May 02, 2015
May 01, 2015
April 30, 2015
No-Action Letter Regarding Definition of "Ready Market" with Regard to Foreign Equity Securities Pursuant to SEC Rule 15c3-1(c)(11)(i)
Currently, under Securities and Exchange Commission Rule 15c3-1 (the Net Capital Rule), broker-dealers may treat equity securities of a foreign issuer that are listed on the FTSE World Index as having a ready market. A ready market is relevant because the Net Capital Rule requires a broker-dealer to deduct 100% of the carrying value of securities it holds in its proprietary account for which there is no ready market. See SEC Rule 15c3-1(c)(2)(vii). Because its members were interested in expanding the criteria for recognizing foreign equity securities as having a ready market, FINRA requested no-action relief from the SEC to treat certain additional foreign equity securities as having a ready market under paragraph (c)(11) of the Net Capital Rule.
The SEC granted no-action relief on November 28, stating that it would not recommend enforcement action if a broker-dealer treats an equity security of a foreign issuer as having a ready market under paragraph (c)(11) of the Net Capital Rule (and subject to the haircuts under paragraph (c)(2)(vi)(J)), if the following conditions are met:
The security is listed for trading on a foreign securities exchange located within a country that is recognized on the FTSE World Index, when the security has been trading on that exchange for at least the previous 90 days;
Daily quotations for both bid and ask or last sale prices for the security provided by the foreign securities exchange on which the security is traded are continuously available to broker-dealers in the United States through an electronic quotation system;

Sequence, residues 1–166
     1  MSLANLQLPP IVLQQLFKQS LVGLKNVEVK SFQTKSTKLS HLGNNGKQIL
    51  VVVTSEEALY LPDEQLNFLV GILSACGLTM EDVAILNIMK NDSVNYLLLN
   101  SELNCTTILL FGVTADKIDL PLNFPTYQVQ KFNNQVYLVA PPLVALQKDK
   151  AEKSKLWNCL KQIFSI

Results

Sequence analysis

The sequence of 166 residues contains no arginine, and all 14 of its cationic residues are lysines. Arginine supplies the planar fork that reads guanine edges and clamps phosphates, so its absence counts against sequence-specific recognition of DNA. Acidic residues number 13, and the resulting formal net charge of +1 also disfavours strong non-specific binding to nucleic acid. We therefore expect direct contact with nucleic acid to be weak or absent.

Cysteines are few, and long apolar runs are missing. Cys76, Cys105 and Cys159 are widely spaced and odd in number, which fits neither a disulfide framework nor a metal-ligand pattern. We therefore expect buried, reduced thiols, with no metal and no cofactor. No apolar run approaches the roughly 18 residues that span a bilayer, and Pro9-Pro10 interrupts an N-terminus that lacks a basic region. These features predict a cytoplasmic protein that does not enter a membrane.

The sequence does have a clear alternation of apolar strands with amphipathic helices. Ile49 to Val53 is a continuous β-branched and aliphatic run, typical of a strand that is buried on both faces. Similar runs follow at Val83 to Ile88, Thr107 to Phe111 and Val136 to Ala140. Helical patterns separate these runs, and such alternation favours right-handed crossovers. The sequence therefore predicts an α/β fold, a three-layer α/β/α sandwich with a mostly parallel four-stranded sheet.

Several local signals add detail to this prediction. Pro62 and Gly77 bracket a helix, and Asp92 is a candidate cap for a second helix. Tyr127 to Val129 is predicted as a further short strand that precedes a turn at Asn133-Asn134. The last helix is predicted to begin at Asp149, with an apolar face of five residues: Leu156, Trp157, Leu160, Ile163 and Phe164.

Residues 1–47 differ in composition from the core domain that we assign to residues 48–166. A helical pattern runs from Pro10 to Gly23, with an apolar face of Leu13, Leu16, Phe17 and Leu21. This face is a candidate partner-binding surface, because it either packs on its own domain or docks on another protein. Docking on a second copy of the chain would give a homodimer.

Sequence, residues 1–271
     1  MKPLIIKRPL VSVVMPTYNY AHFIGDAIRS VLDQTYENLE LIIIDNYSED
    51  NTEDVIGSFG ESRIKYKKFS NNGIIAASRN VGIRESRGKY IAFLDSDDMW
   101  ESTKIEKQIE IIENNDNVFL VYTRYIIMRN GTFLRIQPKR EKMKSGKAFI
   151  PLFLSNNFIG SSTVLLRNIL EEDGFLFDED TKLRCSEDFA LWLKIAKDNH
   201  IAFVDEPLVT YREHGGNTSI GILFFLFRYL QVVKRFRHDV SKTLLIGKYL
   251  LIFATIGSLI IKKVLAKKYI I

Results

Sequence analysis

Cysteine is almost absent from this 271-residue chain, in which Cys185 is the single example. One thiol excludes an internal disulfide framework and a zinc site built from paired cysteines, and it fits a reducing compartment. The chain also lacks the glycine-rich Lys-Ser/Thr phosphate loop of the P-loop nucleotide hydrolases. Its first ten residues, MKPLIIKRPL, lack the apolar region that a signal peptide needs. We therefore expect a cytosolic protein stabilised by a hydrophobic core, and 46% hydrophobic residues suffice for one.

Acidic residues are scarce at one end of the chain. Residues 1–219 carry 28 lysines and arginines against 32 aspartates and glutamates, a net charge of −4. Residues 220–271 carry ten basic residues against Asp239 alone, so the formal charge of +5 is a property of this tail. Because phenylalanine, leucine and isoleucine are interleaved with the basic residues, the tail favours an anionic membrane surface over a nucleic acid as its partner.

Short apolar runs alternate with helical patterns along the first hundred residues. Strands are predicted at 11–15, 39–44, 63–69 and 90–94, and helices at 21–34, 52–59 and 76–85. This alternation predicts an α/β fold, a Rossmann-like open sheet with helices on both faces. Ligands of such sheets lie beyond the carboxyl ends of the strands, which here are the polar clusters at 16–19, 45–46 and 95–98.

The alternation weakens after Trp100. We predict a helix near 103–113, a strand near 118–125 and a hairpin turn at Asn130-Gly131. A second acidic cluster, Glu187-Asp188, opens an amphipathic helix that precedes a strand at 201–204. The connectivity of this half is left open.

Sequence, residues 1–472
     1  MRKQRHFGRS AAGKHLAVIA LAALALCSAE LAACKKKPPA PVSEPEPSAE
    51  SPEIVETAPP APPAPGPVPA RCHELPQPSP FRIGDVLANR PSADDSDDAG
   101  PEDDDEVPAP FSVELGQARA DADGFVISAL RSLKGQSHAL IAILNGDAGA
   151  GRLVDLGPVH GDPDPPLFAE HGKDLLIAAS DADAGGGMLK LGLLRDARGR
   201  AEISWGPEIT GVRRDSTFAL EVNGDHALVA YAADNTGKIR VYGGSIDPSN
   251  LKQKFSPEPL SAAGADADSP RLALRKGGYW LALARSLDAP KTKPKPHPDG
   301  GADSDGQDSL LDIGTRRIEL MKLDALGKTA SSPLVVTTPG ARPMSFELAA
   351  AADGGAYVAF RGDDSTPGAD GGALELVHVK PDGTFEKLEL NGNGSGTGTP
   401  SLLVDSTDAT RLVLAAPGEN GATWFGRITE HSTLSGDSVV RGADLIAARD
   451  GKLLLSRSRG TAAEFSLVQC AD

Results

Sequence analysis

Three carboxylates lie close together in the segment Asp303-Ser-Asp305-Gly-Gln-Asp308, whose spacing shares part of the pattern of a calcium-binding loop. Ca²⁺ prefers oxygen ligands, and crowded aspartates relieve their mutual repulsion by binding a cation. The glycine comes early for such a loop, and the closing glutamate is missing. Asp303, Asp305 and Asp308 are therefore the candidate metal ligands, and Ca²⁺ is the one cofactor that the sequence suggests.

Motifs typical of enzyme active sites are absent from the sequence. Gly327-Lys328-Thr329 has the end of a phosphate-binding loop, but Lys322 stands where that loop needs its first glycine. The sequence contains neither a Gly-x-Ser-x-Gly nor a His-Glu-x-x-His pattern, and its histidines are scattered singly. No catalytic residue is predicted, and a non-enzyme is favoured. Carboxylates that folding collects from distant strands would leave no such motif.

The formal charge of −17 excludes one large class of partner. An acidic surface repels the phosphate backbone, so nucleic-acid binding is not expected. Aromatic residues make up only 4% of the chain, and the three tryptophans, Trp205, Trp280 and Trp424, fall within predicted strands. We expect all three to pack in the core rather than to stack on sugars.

- The median daily trading volume (calculated over the preceding 20-business-day period) of the foreign equity security on the foreign securities exchange on which the security is traded is either at least 100,000 shares or $500,000; and
The aggregate unrestricted market capitalization in shares
of such security exceeds $500 million over each of the preceding 10 business days.
Additionally, any foreign equity security that ceases to meet one or more of the eligibility requirements will continue to be considered to have a “ready market” for purposes of paragraph (c)(11) for five business days from the date such foreign equity security ceases to meet the requirements. After the end of the five-business-day period, the security will be considered to have a “ready market” only if and when it again meets all of the eligibility requirements.
Click here for the No-Action letter.